However, the decision last year to block the two foreign bids for a 50.4 per cent stake in Ausgrid on advice from the Foreign Investment Review Board (FIRB) occurred in the time between the quantitative survey and qualitative interviews. This meant that political risk and policy consistency were once again a common theme during the qualitative interviews.
The report indicates that there is plenty of money available for investment and a strong appetite to invest in Australian infrastructure, but a lack of opportunities means that investors have to look elsewhere (outside Australia or in new sectors) for the scale of investment opportunities required.
Renewable energy generation emerged as a strong sector that is growing globally, offering new opportunities for investment and growth.
The report paints a positive outlook for investment into the Australian infrastructure market. Demand is high and willingness to invest in Australian infrastructure is strong.
However, there are some challenges. The survey highlights the critical importance of certainty in making decisions about where and when to invest. While Australia has many strengths as a destination for infrastructure investment, the market for infrastructure investment is global.
Our economic stability, experienced industry participants and supportive governments are all positives, yet uncertainty of pipeline and a significant increase in competition for assets means we cannot assume investment capital will always be at our disposal.
Essentially investors are calling for greater transparency, a level playing field when bidding and a pragmatic attitude to regulation and compliance. Local and overseas investors make a substantial contribution to the Australian economy. They are ready and willing to invest, and welcome initiatives that give them more confidence that substantial opportunities will continue to present themselves in the Australian infrastructure sector.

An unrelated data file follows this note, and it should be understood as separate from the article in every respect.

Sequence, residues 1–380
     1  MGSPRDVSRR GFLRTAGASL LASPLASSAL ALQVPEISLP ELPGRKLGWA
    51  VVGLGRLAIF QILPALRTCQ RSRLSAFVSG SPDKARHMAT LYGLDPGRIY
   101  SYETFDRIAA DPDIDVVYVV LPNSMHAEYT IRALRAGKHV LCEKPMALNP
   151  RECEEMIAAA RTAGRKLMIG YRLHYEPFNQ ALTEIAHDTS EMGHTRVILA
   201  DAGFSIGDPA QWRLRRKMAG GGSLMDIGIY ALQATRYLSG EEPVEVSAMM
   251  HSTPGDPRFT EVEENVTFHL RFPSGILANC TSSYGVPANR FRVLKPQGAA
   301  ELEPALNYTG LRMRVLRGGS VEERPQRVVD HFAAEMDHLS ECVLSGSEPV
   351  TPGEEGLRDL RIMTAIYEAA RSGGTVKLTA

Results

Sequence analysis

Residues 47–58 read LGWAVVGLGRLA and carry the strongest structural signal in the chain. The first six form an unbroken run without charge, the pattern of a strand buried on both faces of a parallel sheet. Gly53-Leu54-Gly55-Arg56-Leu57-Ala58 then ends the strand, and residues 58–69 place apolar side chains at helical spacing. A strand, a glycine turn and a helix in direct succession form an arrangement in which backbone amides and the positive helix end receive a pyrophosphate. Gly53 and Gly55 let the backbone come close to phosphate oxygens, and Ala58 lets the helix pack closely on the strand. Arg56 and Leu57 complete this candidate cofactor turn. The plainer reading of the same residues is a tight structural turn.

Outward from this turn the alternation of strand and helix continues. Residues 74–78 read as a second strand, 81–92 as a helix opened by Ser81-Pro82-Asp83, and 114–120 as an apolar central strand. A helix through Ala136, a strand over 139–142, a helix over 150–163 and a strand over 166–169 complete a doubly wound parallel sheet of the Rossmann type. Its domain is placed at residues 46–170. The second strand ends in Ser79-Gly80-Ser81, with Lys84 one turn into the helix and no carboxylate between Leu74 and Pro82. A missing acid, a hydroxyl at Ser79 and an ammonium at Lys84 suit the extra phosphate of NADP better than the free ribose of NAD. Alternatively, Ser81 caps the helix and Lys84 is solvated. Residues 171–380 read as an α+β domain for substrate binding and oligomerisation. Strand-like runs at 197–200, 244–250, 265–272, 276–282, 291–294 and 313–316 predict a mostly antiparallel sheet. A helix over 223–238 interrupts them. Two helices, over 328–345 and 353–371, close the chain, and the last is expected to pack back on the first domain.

The appetite for Australian infrastructure assets has become stronger
94 per cent of investors report they are highly likely to invest in Australian infrastructure; up from 79 per cent in 2015. Just six per cent of investors say they are highly unlikely to invest.
The appetite for very large individual investments appears to have fallen
The appetite for single investments above $2 billion has fallen to 20 per cent; down from 36 per cent in 2015. The appetite for single investments between $1 billion and $2 billion has halved, to 25 per cent.
Roads are the stand-out asset for nearly three-quarters of investors, then utilities
Roads remain the most attractive infrastructure asset class for 70 per cent of participants. Renewable energy generation has recorded an increase in investor appetite; rising from 36 per cent last year to 50 per cent in 2016.
More investors means more competition
45 per cent of participants identify the competition for assets as a challenge – up from just five per cent last year – making it the number one challenge identified by participants.
Australia’s mature and stable market is a major point of attraction
Australia is an attractive destination for infrastructure investment because of it’s economic stability (75 per cent of respondents); strong knowledge of market participants and partners (65 per cent of respondents); and the ease of doing business (60 per cent of respondents).